Post-Disaster Property Rights: A Case Study on the Redevelopment of New Orleans’ Lower Ninth Ward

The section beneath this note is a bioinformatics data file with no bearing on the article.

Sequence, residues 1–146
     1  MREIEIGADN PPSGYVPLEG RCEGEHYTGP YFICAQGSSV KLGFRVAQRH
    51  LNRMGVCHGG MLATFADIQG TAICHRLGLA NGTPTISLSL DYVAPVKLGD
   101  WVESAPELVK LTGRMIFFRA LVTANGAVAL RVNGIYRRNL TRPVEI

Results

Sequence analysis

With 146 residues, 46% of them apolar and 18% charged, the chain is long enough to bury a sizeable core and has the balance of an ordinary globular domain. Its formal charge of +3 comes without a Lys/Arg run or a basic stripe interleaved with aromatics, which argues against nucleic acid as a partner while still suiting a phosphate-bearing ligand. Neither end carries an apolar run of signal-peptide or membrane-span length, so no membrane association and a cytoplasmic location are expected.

The impacts of climate change have and will continue to deteriorate fee simple absolute property rights of littoral and riparian property-owners. Climate change has exacerbated and increased the frequencies of destructive storms that have effectively demolished homes, buildings and other private properties. Hurricane Katrina and its devastating impact on New Orleans is a prime example of the power of natural and climate-related disasters to essentially “take” or reduce private property owners’ fee simple absolute rights. Hurricane Katrina swept through New Orleans August 23rd through August 31, 2005 and flooded 80 percent of New Orleans up to 20 ft.[1] Seventy-one percent of homes in the city sustained damage (See Figure 1).[2] Consequently, Hurricane Katrina resulted in the greatest resettlement in American history with an estimated 1.5 million people abandoning their homes.[3] Since 2005, the City of New Orleans and various private groups have been working on rebuilding and repopulating New Orleans. Specifically, rebuilding efforts are targeted at the Lower Ninth Ward, which scattered a population of 14,000 people. In 2010, the Census reported 2,842 residents and as of 2013, only 30 percent of former residents have returned to the Lower Ninth Ward. [4] In 2000, population of the Lower Ninth Ward had 95 percent African-American residents, with an average household income slightly under $30,000 a year.[5] Homeownership in the Lower Ninth Ward was high, with approximately 54 percent of the homes homeowner-occupied.[6] Post-Katrina, approximately 82 percent of the residential units in the Lower Ninth Ward were damaged or destroyed.[7] The Lower Ninth Ward was the first neighborhood in New Orleans to receive remediation funding and was declared an area in need of revitalization: $60 million for street repairs, $50 million for rebuilding schools, and $14.5 million for a new community center, in addition to federal homeowner and rental assistance funds.[8] Post-Katrina, local, State and Federal programs and plans aimed at rebuilding the Lower Ninth Ward has influenced the ability and conditions under which former residents can rebuild their homes. Since the Lower Ninth Ward hasn’t yet rebounded and hundreds of homeowners have chosen not to or have been unable to rebuild, the status of those refugees’ fee simple absolute rights can come into question.[9] Below, I explore the status of Lower Ninth Ward refugees’ fee simple absolute rights to their property since Hurricane Katrina and analyze how governmental response has facilitated or hindered owners’ ability to rebuild. Continue reading